Gregory is a jealous man. I will be alone Wednesday. I hate sleeping alone.


All day long, as the amount of time he'd be spending under the waves began to lessen, Rick Nightingale regained his looks. At noon a swirling pile of sunfish gathered in a tiny knot near his face, and ungracefully spitting out soft ocular scraps they re-supplied his body with two lustrous grey eyes.

Another long, silent, dismal, lifeless night.

And then evening. And then noon. And the dawn sun slipped down, the early hour light just a sliver-wide peek out the door of a black closet.

The white sedan rolled backwards out of the woods and came to a stop fifty feet from the small pier.

Both the men inside pointed their index fingers out their open windows, pointing for an instant at the damp ground outside the car. Right where they have their hands pointing there explodes a small shower of red sparks and short white cigarettes float quickly to the car's windows, and the men deftly regain their lost effects and they place them in their sneering lips.

They exit the sedan and walk backwards to the pier. For three long minutes they smoke, they look at the stars overhead, and they discuss women, money, and Burt Lancaster's movies. The one named Junkyard leans his head over the water, and a big drop of spit jumps out of the cold lake, and it rises up towards his face, and it squeezes back in through his tight lips.

Eddie moves to his right and walks to the very end of the creaky lumber. He peers into the dark cranny and shows no surprise as Nightingale's body crashes up from the wet dissolution and head-first rockets up to the level he occupies. As Rick Nightingale teeters on the wooden edge, Eddie Blackjack pulls him in quickly and surrounds him with two powerful arms.

Junkyard rubs the small of his back, then he bends over and grabs at the dry, at the impossibly dry, legs, and with Eddie's help they move the limp body off the pier and carry it toward the waiting car. They stand him up and unchain his feet. Junkyard un-breaks his nose, and with a deadly backward motion of a right hand, un-doubles him over. At this moment Rick looks most handsome, he has lost his grey pallor, his slack expression, he has lost every bruise and though his clothes are still rumpled, they are well tailored and durable. A gun is pointed, and it remains pointed as the rescued victim climbs into the car's trunk. Eddie turns the key, Junkyard puts the gun inside his coat, and Eddie looks with complicitous meaning at his companion.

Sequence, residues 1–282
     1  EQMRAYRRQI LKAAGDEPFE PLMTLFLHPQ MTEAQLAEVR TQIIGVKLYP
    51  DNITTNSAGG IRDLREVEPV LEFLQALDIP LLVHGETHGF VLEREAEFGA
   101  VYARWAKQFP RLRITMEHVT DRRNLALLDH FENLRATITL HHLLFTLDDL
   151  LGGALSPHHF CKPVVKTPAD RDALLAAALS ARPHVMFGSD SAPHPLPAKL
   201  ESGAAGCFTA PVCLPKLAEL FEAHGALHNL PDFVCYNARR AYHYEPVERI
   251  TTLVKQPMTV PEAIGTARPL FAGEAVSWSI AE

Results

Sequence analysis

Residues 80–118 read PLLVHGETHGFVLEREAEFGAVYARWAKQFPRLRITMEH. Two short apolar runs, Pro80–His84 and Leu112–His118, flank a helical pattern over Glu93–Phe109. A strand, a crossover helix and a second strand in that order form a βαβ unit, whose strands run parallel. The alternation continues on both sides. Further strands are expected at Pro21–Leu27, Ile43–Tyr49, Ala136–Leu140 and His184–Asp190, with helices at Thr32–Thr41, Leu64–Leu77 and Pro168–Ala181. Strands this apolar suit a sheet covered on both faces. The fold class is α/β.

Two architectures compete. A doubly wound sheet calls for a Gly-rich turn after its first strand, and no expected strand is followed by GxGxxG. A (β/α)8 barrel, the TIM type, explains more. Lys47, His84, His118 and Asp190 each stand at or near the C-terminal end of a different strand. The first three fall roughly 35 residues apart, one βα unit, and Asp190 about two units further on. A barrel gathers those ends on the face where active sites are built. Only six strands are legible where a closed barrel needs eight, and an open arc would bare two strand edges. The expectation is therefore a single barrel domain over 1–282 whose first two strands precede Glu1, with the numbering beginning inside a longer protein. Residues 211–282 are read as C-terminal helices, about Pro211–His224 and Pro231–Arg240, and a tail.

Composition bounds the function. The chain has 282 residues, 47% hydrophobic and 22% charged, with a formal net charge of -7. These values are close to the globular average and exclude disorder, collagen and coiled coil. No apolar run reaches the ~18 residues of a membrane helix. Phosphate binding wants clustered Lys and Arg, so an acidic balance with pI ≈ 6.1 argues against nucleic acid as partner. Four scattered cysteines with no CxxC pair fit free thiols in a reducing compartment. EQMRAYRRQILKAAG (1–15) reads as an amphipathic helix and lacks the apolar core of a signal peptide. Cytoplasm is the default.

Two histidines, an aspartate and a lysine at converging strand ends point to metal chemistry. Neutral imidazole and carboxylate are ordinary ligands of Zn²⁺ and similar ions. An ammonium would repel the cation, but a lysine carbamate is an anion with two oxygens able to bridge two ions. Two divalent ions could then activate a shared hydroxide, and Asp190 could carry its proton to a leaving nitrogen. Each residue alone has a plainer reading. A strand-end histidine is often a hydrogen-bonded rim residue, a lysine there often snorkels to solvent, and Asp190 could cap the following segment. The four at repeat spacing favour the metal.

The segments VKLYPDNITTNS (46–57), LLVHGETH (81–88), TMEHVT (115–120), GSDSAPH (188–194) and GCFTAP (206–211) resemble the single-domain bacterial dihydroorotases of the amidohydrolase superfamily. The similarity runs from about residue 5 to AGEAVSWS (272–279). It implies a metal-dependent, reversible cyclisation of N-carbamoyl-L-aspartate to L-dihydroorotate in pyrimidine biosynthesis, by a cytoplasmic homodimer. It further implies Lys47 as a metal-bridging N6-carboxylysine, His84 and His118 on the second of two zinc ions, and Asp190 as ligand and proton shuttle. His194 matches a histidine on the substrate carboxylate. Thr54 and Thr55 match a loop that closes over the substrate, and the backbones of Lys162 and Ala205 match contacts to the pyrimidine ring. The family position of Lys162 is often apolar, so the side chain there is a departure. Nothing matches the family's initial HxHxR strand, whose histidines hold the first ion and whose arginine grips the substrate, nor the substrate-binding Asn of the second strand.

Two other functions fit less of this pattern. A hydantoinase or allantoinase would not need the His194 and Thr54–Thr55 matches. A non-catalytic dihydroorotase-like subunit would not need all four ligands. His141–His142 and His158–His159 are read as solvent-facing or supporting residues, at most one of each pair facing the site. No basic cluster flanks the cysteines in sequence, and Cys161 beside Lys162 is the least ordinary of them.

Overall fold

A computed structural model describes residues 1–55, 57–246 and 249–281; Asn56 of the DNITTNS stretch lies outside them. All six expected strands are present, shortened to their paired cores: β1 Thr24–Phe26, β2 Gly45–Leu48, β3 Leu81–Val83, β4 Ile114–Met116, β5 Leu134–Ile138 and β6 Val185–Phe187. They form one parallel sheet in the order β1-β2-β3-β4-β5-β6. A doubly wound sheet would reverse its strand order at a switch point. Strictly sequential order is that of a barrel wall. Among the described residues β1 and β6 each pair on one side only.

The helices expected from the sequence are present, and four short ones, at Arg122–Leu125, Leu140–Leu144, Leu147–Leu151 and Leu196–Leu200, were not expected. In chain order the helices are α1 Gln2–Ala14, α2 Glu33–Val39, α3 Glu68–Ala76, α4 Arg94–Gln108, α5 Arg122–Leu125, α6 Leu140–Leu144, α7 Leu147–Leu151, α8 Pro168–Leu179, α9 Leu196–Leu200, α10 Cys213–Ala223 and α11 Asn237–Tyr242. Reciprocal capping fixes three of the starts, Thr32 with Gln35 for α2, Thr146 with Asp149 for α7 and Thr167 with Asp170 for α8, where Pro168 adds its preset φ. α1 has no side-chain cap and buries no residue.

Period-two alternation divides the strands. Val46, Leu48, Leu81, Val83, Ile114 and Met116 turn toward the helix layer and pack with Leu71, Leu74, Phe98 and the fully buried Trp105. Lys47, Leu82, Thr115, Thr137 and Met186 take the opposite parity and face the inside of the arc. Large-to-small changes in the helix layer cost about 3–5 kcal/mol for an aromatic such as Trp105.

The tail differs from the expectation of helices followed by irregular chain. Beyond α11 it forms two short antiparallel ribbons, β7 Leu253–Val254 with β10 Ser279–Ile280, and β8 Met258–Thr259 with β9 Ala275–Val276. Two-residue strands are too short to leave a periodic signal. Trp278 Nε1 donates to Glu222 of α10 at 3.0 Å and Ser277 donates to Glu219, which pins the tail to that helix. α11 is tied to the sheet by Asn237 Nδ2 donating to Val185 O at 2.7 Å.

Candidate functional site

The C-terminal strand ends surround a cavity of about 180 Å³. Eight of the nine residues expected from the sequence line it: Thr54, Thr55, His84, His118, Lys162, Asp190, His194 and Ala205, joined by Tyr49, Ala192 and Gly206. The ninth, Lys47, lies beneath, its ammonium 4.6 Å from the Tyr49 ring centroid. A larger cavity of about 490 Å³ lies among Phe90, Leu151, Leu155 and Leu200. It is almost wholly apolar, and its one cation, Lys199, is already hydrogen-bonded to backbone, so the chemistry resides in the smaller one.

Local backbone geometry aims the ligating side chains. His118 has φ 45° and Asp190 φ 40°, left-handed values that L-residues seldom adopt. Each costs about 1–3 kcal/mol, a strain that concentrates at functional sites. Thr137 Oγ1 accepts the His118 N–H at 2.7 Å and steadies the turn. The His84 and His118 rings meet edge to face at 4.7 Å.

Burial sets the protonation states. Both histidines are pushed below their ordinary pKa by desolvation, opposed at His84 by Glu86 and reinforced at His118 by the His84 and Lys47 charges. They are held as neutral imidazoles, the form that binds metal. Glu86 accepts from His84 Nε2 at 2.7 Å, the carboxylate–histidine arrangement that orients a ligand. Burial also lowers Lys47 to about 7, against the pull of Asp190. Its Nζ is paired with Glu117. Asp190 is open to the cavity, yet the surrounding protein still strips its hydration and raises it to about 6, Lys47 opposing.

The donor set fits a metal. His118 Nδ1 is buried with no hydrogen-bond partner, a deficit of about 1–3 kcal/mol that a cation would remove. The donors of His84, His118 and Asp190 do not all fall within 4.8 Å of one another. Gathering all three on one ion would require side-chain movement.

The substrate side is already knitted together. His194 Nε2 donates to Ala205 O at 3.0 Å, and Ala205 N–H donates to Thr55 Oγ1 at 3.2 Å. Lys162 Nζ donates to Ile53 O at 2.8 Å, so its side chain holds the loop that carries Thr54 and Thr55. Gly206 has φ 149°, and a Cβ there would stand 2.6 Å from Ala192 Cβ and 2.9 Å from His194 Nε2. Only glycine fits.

The wheels remove their marks as they roll back to Joseline's apartment. The sedan rolls backwards up Elm avenue. Suddenly, with the car still moving, one of the men exits his seat and in three big backward paces he's at the trunk of the car, pulling Rick out and prying a big cloth from over his head.

Even now, still half caught in this net of danger, a net he knew might come someday... the net he earned by loving the woman Gregory Dirk called his own. He remembers the words. The words he shared with her. The timbre in her voice as she said... "I'm surprised you're here."

"A gentleman listens when a lady speaks, even if the whole statement lies within her dark eyes."

"You know what Gregory is... what he's like?"

"I only know you are lovely."

She stood, placing her drink on the low table. She took off her earrings and placed them beside the drink. She started towards the interior of the apartment, her walk everything she could make it, her pace slow, her energy a wild avalanche that swept him up as it passed by. He could see her as a great fire that would start warm, then sweep through him, consuming even the portions he believed were safe. He was wax on an iron stove. A cup of water poured on desert sand. A starship made of ice landing on the sun. Whatever would happen,

with her,

with Gregory,

with his surrendered heart...

whatever happened...

he hoped it would be worth it.

Copyright © 2003 by Thomas Lee Joseph Smith